Wearable walkie-talkie keeps groups connected during adrenaline sports

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It's easy to see how Bonx's voice-activated system is superior for sports like rock climbing

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Reaching into your pocket to answer the phone just isn't an option when you're charging down a snow-covered mountain or white-knuckling a set of mountain bike grips. That's why action sport communications wearables like AWIRE have popped up. The all-new Bonx is another alternative, riding right on your ear and working with an accompanying app to streamline communications in the field, on the water, in the snow, and wherever else you and your buddies play.

Founded by Takahiro Miyasaka, an entrepreneur and avid snowboarder, Bonx aims to keep groups of skiers, snowboarders, bikers and others better connected than a smartphone alone can do. To do so, the company has developed the outdoor-specific Grip Bluetooth headset and accompanying group-talk app.

The app lets you set up groups of up to 10 people and automatically finds local users. Once you have your group set up, you remain in constant contact anywhere you have cellular reception.

The Grip headset isn't so much a push-to-talk device as it is "talk to talk." Simply start talking and the headset's dual microphones pick it up and relay it to the app, where it's sent out to your group over a cellular connection. So the Bonx works like an always-ready wearable VoIP walkie-talkie, allowing you to talk even if your hands are too busy to be bothered pushing a button.

Bonx claims its purpose-designed system works better in outdoor environments than other VoIP apps and Bluetooth headsets, offering a solid, robust connection that keeps you in touch with your group so long as there's cell coverage around. The dual-microphone design and "multi-layered wind-noise reduction" tech are aimed at cancelling out background noise while zeroing in on the person talking, something that will be important in the stormy environs common in outdoor sport. The design includes a voice assistant that notifies the wearer of network loss and when mute is activated.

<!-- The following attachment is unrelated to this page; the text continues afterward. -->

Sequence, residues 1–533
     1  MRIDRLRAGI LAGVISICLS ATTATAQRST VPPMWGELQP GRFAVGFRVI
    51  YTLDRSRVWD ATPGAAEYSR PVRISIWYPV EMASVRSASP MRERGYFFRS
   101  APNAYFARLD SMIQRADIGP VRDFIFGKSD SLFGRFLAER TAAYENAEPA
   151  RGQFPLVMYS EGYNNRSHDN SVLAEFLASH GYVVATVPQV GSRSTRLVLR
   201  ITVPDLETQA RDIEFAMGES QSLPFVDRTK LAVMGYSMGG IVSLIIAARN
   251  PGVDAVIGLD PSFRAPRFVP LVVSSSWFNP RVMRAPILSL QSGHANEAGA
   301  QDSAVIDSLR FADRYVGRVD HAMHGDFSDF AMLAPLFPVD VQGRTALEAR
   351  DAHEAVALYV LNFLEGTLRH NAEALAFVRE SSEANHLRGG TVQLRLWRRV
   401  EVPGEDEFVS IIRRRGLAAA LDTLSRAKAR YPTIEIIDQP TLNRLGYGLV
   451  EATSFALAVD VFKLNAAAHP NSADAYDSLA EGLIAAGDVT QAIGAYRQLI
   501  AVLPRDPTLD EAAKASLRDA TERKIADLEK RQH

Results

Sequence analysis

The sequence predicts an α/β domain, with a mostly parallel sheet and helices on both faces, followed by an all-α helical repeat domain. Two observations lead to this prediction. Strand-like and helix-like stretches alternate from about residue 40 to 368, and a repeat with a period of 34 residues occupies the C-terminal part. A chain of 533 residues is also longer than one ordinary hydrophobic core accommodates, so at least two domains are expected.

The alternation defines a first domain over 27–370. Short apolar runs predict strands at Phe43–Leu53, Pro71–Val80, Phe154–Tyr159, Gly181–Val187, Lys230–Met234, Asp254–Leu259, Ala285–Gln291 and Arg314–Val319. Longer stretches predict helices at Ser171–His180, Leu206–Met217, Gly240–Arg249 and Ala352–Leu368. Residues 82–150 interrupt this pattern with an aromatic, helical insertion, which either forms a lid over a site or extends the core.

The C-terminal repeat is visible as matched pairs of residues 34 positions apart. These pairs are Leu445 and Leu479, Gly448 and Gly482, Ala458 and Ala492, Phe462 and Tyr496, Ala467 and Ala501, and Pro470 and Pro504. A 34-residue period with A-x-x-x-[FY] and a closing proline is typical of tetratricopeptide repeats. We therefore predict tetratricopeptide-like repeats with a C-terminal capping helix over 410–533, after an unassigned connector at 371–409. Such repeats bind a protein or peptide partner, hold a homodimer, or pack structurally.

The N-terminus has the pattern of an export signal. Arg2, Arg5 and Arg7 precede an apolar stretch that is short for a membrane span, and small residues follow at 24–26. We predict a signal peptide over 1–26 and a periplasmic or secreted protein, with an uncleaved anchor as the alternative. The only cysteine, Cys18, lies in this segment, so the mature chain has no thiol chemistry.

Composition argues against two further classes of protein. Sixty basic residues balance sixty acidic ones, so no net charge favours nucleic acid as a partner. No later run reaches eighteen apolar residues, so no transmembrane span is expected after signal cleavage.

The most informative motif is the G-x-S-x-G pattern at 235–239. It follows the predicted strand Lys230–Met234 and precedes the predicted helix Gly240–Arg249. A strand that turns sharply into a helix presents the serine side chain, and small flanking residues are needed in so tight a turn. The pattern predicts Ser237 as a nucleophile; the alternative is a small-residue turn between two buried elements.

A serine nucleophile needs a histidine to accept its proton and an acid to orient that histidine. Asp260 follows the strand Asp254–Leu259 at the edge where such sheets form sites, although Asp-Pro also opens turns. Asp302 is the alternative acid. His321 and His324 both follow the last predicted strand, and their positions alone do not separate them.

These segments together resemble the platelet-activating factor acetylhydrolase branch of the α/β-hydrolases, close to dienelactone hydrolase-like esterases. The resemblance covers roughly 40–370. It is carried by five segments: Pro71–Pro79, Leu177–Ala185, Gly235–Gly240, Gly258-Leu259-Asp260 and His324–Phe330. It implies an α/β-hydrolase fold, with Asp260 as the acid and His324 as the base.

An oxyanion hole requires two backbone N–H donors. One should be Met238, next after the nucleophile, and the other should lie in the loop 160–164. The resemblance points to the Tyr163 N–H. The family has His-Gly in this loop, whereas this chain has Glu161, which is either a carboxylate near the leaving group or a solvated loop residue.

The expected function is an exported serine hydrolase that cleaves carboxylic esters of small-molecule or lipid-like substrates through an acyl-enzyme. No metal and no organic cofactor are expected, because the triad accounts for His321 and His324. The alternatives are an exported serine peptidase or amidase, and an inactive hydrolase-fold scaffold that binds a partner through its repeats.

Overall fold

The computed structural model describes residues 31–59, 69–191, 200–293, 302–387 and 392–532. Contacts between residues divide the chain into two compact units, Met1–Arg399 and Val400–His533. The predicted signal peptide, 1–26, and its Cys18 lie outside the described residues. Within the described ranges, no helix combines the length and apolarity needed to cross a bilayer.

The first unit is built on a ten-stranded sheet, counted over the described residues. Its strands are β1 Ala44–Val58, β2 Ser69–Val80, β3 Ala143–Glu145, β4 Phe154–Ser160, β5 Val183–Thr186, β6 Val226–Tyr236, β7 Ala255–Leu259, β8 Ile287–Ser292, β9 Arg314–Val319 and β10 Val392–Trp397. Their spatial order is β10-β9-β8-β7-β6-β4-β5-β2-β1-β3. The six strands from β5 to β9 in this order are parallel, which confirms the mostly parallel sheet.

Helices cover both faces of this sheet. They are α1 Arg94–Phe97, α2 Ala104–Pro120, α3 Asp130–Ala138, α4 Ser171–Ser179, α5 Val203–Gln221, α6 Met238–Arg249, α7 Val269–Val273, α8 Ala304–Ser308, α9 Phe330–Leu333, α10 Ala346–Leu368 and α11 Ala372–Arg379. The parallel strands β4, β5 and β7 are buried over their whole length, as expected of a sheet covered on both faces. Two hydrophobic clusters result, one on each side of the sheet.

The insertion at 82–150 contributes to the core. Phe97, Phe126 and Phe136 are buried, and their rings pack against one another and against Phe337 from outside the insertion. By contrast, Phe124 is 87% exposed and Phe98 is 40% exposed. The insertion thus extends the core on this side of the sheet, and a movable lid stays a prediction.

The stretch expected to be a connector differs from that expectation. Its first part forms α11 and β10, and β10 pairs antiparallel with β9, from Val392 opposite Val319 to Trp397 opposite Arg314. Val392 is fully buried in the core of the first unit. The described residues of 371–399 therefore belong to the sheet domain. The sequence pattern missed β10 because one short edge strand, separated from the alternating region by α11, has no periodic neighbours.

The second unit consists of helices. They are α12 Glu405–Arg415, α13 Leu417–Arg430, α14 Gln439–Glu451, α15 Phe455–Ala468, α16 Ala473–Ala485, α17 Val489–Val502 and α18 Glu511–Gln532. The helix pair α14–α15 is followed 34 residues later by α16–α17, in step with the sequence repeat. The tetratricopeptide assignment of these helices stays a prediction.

The 15 g (0.5 oz) headset is open-backed, allowing you to hear noises within your immediate environment. It has large mute and volume buttons for easy adjustment. It's designed to stay in place for long days in the field, even during crashes, and is water- and shock-resistant.

The obvious shortcoming of the Bonx design is that it relies solely on cellular coverage, something folks won't have in a lot of places where they ski, climb, bike, paddle, etc. In fact, depending on where you do those types of things, the Bonx might prove completely useless.

The aforementioned AWIRE unshackles you from the cellular grid using radio communications, just like traditional walkie-talkies. Bonx talks up the range advantages of cellular, since radio has a limited range, but it seems more likely that outdoor users would wander outside of cellular range than wander more than 2 miles (3.2 km) away from their friends (max range of the AWIRE).

We like Bonx's completely hands-free, voice-activated interface better than AWIRE's push-button design, and it's easy to see why it's advantageous when seeing it in action. We think Bonx should add a radio chip ASAP, though, even if it means developing a separate model.

Bonx held a successful US$200K crowdfunding campaign last year in Japan, delivering the first headsets to backers in late 2015/early 2016. It is now hoping to ride the crowdfunding wave to a more global launch.

The Bonx Grip is available for Indiegogo pledge levels starting at $78 for a single or $150 for a two-Grip package, representing significant savings off the estimated $139-per-headset retail pricing. If the $100K campaign is successful, and everything goes as Bonx plans from there, the first units will go out in November. The campaign is over a third of the way to the goal with about a month left to go.

The video below provides a closer look and shows the Bonx system in action during several types of sports.

Sources: BONX, Indiegogo

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